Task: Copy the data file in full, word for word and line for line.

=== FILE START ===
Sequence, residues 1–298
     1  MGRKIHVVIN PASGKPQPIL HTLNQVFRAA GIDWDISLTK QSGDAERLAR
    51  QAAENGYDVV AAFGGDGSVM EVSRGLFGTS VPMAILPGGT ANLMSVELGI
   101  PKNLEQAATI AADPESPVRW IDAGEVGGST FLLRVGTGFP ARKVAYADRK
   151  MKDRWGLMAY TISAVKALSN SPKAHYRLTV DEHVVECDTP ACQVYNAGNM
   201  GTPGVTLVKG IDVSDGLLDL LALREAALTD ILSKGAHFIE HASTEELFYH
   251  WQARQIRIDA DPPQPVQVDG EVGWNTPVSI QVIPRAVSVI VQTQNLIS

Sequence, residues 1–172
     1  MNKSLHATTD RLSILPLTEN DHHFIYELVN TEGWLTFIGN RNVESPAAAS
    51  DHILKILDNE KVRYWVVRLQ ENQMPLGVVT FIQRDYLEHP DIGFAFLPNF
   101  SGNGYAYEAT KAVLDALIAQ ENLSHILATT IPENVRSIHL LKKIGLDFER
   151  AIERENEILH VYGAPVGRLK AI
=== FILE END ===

Sequence, residues 1–298
     1  MGRKIHVVIN PASGKPQPIL HTLNQVFRAA GIDWDISLTK QSGDAERLAR
    51  QAAENGYDVV AAFGGDGSVM EVSRGLFGTS VPMAILPGGT ANLMSVELGI
   101  PKNLEQAATI AADPESPVRW IDAGEVGGST FLLRVGTGFP ARKVAYADRK
   151  MKDRWGLMAY TISAVKALSN SPKAHYRLTV DEHVVECDTP ACQVYNAGNM
   201  GTPGVTLVKG IDVSDGLLDL LALREAALTD ILSKGAHFIE HASTEELFYH
   251  WQARQIRIDA DPPQPVQVDG EVGWNTPVSI QVIPRAVSVI VQTQNLIS

Sequence, residues 1–172
     1  MNKSLHATTD RLSILPLTEN DHHFIYELVN TEGWLTFIGN RNVESPAAAS
    51  DHILKILDNE KVRYWVVRLQ ENQMPLGVVT FIQRDYLEHP DIGFAFLPNF
   101  SGNGYAYEAT KAVLDALIAQ ENLSHILATT IPENVRSIHL LKKIGLDFER
   151  AIERENEILH VYGAPVGRLK AI